If God entered our world as a baby in Bethlehem, then God must have made our world for the purpose of becoming a baby in Bethlehem. And thus it demands that we recognise that humanity is not a self-defining, self-advancing, self-worshipping species; or at least, we are not designed to be, and the attempt is doomed to failure. For we were made by God so that God could come to live with us. Christ came down to earth from his heavenly throne in order to bring us back up with him. To make us truly human by turning us humans back to our creator.
The incarnation, celebrated by Christians at Christmas, was described by CS Lewis as not only the central thing about Christianity, but, if true, “the central event in the history of the Earth — the very thing that the whole story has been about”. It is perhaps for this reason that one hears so little about it, even at Christmas. It is far easier to talk platitudes about a “season of goodwill” than think about something which, if it is worth talking about at all, must redefine our entire understanding of reality.
But our moment in history, as we end 2021, demands that we must think about it. Many of the social malaises currently afflicting us arise from abandoning the Christianity which provided the structural timbers of Western culture, central to which is the Incarnation. If the timbers of the house are allowed to rot, it is only a matter of time before the roof falls in.
Let’s start with what this “central event in the history of the Earth” is. “The Word became flesh and made his dwelling among us”, says the Apostle John. God became man. The creator became part of his creation. In-carn-ation means “becoming flesh” (it’s the same root as “carn-ivore”, a creature that eats flesh); the infinite, eternal God the Son became blood, brain, muscle and bone. He became what he was not without ceasing to be what he eternally was. And so Mary’s Son is simultaneously the infinite, creator God, higher and greater than us in ways we simply cannot conceive, and normal, finite man, like us in every way — except without sin.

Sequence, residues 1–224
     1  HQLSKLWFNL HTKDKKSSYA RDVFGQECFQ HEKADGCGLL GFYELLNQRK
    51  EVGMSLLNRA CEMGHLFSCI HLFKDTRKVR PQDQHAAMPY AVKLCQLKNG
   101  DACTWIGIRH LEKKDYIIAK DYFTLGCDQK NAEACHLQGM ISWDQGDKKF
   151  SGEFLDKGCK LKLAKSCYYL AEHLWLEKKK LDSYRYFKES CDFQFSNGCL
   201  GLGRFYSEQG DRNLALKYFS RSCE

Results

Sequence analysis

Now if this is new to you, you will find it almost unbelievably strange. It is a mystery which the human mind cannot fathom. And yet, strange as it is, it is this teaching which (along with Jesus’ death and resurrection) has given birth to some of the most precious and revolutionary ideas which have been foundational for Western society; and which, as Christian influence wanes, we are now seeing crumble.
The first of these ideas is that it gives huge value to our bodies. Most people in the Greek-influenced ancient world thought of the body as a mere container or, worse, an unfortunate prison for the soul. But if God the Son has deliberately taken to himself a human soul and body, then the very opposite must be true. Christ’s body is now as integral to his existence as his deity. And as we start 2022, technology seems to be more and more alienating us again from our bodies. The “metaverse”, whatever it is, promises almost total liberation from actual physical existence. Countless schoolchildren are being constantly told that their body is alien to, and perhaps the enemy of, who they really are. So the value of our bodies, and their essential importance to our being, is a message that is desperately needed.